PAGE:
Permission Not Required: “Constitutional Carry” Bill Introduced in Georgia

ATLANTA, Ga. (Jan. 29, 2017) – A so-called  “Constitutional Carry” bill filed in the Georgia House would make it legal for most Georgians to carry a firearm without a license, and foster an environment hostile to federal gun control.

A coalition of six Republican representatives introduced House Bill 156 (HB156) on Jan. 26. The legislation would allow “a lawful weapons carrier” to carry a concealed handgun subject to the same restrictions formerly placed on concealed carry license holders.

‘Lawful weapons carrier’ means any person who is not prohibited by law from possessing a weapon or long gun, any person who is licensed pursuant to Code Section 16-11-129, or any person licensed to carry a handgun or weapon in any other state whose laws recognize and give effect to a license issued pursuant to this part.

Practically speaking, HB156 would would allow persons not otherwise prohibited by other laws to carry concealed weapons without a license.

HB156 would still allow Georgia residents to obtain a conceal carry license so they can carry in states that have conceal carry reciprocity with the state.

While constitutional carry bills do not directly affect federal gun control, widespread passage of permitless conceal carry laws in states subtly undermines federal efforts to regulate guns. As we’ve seen with marijuana and industrial hemp, a federal regulation becomes ineffective when states ignore it and pass laws encouraging the prohibited activity anyway. The federal government lacks the enforcement power necessary to maintain its ban, and people will willingly take on the small risk of federal sanctions if they know the state will not interfere. This increases when the state actively encourages “the market.”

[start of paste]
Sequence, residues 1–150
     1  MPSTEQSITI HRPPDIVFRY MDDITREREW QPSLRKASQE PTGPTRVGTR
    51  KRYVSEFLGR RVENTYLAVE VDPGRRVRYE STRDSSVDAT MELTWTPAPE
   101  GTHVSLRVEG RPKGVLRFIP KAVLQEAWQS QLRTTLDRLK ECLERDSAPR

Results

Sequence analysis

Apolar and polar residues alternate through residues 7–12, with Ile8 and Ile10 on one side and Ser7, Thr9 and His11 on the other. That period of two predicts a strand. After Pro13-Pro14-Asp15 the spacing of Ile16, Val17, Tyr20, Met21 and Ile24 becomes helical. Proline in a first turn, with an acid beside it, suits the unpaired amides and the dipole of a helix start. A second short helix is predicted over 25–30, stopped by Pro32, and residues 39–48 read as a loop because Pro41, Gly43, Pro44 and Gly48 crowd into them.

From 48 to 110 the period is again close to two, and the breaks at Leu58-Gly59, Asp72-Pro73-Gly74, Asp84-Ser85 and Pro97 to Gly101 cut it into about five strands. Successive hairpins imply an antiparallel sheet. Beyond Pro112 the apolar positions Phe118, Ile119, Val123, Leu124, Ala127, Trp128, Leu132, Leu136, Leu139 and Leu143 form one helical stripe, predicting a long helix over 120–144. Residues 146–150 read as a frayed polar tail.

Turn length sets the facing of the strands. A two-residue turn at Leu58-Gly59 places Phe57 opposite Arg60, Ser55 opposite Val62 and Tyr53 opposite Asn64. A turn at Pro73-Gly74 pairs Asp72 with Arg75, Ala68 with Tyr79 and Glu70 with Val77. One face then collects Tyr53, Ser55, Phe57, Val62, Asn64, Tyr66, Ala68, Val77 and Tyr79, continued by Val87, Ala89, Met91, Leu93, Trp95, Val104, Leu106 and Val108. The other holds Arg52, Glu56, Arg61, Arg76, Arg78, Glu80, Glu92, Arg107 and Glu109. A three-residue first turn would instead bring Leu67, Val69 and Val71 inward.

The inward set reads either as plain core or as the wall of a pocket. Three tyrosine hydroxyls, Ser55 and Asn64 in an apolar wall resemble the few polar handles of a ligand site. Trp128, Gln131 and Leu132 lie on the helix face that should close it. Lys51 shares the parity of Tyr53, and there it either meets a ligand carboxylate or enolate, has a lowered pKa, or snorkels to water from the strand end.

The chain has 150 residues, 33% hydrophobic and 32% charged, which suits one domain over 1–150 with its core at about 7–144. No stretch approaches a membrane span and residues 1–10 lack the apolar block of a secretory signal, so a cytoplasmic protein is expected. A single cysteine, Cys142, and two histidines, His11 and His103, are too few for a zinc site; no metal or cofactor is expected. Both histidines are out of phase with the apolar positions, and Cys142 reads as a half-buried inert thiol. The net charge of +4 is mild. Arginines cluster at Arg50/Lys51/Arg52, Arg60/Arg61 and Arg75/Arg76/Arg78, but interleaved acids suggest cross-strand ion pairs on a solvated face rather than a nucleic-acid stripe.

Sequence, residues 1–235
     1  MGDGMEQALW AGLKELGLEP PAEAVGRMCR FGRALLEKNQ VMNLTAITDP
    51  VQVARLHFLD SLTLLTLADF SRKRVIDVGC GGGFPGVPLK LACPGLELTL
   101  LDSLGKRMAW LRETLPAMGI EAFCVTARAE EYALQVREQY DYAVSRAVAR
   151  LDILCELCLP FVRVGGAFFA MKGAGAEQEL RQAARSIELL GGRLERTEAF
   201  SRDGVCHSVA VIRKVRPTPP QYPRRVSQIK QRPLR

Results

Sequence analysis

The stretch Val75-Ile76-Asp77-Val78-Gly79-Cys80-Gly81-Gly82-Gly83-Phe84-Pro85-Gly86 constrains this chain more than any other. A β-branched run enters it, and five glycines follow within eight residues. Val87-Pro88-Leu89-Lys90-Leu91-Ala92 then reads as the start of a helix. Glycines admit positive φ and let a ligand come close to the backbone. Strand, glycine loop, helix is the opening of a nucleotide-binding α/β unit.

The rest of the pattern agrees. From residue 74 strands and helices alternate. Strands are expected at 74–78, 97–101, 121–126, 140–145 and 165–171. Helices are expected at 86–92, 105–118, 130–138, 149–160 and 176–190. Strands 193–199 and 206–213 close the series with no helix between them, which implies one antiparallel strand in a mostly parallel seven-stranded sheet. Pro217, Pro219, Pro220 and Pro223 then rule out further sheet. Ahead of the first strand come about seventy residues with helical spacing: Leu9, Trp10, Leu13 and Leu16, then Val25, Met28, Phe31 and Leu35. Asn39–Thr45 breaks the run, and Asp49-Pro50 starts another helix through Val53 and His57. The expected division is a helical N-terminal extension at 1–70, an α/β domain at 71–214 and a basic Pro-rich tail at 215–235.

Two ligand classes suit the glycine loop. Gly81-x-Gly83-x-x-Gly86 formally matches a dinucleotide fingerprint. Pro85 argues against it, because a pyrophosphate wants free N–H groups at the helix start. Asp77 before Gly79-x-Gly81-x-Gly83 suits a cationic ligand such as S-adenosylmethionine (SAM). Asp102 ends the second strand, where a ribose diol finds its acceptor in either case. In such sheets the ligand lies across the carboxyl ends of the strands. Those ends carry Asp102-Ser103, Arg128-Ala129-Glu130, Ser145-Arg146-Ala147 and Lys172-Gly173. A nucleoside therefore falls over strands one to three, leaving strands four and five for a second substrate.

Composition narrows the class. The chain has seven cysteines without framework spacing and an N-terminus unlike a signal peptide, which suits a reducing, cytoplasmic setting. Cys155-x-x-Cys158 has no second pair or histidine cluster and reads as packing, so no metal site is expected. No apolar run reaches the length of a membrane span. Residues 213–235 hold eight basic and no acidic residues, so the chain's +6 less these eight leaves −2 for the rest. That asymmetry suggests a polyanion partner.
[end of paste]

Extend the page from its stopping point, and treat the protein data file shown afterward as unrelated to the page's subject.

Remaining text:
Less restrictive state gun laws will likely have a similar impact on federal gun laws. It will make it that much more difficult for the feds to enforce any future federal gun control, and increase the likelihood that states with few limits will simply refuse to cooperate with federal enforcement efforts.

State actions like passage of HB156 would lower barriers for those wanting to the option of defending themselves with firearms and encourages a “gun-friendly” environment that would make federal efforts to limit firearms that much more difficult.

“Constitutional carry is a big step toward being able to exercise a natural right that has been infringed at all levels for far too long,” campaign lead Scott Landreth said.


At the time this article was written, SB156 had not been assigned to a committee. Once it receives an assignment, it will need to pass by a majority vote before moving forward in the legislative process.

About Tenth Amendment Center
The Tenth Amendment Center is a national think tank that works to preserve and protect the principles of strictly limited government through information, education, and activism. The center serves as a forum for the study and exploration of state and individual sovereignty issues, focusing primarily on the decentralization of federal government power as required by the Constitution. For more information visit the Tenth Amendment Center Blog.

Comments are closed, but trackbacks and pingbacks are open.